As you may have guessed, I like to think about my relationship to beer and the brewing trade. That is, at this moment, really my prime motivation for this blog. It is not so much that I need to chronical my time with beer. And it is certainly not that I think that I have any right to suggest I write like Pete does, am a beer historian like Ron or knowledgeable of the trade like Lew or Stan or that I even have ambitions to be a beer journalist like Troy. No, if this habit of writing is anything it is about me thinking about me and beer. Maybe that it takes so much writing likely speaks more to who's typing than what is being considered. I never said I was that bright.
So, being essentially a magazine about me, this sort of blogging sometimes means you have to consider what you are not. Yesterday, I dropped into Allagash to pick up my border crossing quota of a few large bottles and a two-four of their White. [By the way, when I asked for a "two-four" I was first brought a couple of four packs.] I was served a sample of their Black, a very nice stout, by a genial pouring host who turned out to be Rob Tod, owner and brewer. He was speaking with an other at the bar retail store's bar who turned out to be one of the senior guys who ran Victory in Pennsylvania, himself also on a road trip. We chatted a bit as I grabbed bottles to take with me. About how hard it was to bring US craft beer into Ontario. About how Rob was going to be doing a beer dinner in Toronto this fall. I even mentioned I was picking up another of Allagash's Victor due to my strong and unexpected reaction which had challenged my thoughts about my own taste. I had heard a new grape had been used and wanted to compare. The comment was received with interest, perhaps given the general positive reaction beer fans often provide, but also with real courtesy. In addition to touching on the challenge of storage conditions, the man from Victory (whose name I will be embarrased to be reminded of I am sure) poiinted out that beer also changes all the time due to the availability of ingredients whether the consumer knows or not. Very pleasant conversation as is usual with both brewers and Mainers. All the while, though, I was noticing that each brewer seemed to have a few more of their staff along in the next room sharing samples - and sharing at a level that was more trade than consumer. Instead of beer geekery, it reminded me more of listening to my pals in the software development business I used to hang out with: a little door was opened before me to a level I likely wouldn't really get. It wasn't so much the "hard working people working hard" that we geeks are often reminded of as quality brewers comfortably exchanging ideas.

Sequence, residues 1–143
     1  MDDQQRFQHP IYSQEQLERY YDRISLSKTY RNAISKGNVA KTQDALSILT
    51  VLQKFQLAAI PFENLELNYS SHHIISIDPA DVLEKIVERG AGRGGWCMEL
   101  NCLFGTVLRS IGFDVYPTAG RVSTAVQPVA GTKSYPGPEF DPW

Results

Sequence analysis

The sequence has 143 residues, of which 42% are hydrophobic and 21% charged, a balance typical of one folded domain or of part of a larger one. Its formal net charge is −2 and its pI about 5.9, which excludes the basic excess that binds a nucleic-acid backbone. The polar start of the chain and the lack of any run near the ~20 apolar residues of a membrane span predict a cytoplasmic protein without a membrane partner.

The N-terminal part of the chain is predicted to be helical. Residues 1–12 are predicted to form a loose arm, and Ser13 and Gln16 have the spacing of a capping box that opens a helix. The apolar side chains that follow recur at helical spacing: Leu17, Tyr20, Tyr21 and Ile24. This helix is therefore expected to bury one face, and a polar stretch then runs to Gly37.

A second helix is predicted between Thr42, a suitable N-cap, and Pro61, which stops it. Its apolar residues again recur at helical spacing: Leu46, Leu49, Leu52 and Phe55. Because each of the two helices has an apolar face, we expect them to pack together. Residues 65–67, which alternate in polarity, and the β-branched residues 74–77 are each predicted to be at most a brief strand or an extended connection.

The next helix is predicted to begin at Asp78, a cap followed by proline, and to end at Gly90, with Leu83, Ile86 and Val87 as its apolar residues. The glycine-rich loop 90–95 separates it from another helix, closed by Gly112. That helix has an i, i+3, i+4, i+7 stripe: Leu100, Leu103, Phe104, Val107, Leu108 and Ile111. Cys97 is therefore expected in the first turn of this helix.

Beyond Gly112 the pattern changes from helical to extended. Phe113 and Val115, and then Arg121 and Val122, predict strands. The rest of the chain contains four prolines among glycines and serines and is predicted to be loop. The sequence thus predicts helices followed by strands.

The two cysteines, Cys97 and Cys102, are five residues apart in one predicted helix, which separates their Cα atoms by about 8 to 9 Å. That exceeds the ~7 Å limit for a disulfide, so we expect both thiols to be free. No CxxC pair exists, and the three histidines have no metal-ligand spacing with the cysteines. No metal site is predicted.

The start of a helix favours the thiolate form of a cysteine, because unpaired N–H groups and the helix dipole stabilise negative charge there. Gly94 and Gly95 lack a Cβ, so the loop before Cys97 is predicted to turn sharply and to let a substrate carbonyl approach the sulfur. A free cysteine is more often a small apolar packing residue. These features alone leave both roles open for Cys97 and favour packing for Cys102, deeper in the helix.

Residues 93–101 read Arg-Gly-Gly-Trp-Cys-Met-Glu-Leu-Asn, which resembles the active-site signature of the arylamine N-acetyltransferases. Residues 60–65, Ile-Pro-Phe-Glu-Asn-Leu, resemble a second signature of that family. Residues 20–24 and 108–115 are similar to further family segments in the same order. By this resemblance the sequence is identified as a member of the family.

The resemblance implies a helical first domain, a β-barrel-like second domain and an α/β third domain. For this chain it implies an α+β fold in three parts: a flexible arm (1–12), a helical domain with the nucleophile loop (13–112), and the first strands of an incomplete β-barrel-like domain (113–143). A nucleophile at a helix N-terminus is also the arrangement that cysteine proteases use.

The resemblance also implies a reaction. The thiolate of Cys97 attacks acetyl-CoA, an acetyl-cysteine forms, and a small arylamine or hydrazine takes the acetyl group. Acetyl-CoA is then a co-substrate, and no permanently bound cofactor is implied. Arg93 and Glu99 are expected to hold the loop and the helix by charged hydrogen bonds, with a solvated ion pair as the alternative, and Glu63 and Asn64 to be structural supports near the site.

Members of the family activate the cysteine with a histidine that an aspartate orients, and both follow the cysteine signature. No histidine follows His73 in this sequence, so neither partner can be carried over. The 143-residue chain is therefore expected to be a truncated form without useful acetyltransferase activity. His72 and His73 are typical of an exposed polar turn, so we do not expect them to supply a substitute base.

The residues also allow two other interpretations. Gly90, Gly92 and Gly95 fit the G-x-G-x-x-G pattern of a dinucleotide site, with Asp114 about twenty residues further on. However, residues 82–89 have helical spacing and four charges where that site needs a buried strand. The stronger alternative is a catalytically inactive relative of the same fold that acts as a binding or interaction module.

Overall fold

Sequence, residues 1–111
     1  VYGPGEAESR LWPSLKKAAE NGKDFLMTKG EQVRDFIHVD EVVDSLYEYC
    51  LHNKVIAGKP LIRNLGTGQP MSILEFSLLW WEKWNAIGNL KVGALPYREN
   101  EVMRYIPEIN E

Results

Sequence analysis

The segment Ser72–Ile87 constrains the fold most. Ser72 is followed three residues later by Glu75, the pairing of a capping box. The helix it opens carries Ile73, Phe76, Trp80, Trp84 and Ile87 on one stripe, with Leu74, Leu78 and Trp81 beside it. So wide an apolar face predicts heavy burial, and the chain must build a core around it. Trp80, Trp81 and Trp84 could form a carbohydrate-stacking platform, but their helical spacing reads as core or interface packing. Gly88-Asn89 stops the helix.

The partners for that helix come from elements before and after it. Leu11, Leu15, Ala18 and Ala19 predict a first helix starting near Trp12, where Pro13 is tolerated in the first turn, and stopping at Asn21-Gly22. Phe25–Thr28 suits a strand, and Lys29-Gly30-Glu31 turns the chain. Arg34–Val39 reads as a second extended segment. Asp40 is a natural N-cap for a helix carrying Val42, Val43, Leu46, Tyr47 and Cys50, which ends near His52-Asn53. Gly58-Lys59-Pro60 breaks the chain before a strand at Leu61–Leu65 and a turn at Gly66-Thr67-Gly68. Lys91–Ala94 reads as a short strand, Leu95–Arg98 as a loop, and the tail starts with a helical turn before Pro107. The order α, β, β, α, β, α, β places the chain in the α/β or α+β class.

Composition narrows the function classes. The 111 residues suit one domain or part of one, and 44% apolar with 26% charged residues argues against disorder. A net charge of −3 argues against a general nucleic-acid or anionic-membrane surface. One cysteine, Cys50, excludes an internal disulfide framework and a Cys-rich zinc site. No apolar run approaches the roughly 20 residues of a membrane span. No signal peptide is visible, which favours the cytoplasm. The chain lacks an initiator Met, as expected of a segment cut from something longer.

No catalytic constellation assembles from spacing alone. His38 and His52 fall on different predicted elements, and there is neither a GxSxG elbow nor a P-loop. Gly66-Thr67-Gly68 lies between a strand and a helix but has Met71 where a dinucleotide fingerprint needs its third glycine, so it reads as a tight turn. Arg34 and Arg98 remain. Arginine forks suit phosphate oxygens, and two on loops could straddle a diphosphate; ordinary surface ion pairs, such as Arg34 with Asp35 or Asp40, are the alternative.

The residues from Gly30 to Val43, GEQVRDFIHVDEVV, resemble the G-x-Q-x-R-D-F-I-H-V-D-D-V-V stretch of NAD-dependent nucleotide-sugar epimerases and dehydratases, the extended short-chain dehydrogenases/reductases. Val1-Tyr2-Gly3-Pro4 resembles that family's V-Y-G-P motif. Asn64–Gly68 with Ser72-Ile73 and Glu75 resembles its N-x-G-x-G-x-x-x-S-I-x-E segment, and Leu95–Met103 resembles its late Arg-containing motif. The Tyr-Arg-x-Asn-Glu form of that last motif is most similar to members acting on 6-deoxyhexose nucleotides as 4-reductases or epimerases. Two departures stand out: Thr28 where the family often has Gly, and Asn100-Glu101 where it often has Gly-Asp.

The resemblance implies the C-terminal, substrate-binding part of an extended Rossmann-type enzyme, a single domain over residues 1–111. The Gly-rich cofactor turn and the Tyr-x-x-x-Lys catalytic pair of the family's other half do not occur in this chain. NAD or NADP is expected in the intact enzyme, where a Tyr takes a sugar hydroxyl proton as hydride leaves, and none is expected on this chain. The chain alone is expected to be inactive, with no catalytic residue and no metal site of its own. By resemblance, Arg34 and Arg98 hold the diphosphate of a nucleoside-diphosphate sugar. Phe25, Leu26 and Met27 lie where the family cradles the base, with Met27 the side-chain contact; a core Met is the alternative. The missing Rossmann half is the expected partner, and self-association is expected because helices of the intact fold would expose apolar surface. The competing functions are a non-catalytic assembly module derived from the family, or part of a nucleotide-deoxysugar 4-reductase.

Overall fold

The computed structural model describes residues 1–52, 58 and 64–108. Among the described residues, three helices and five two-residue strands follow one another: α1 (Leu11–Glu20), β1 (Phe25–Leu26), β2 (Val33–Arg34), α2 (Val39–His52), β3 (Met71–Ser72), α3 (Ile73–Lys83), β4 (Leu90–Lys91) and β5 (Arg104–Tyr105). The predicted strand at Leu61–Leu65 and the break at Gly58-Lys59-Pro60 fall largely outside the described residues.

My options seemed limited. To fawn. Or to buy and leave. I was happy with the glimpse and skee-daddled.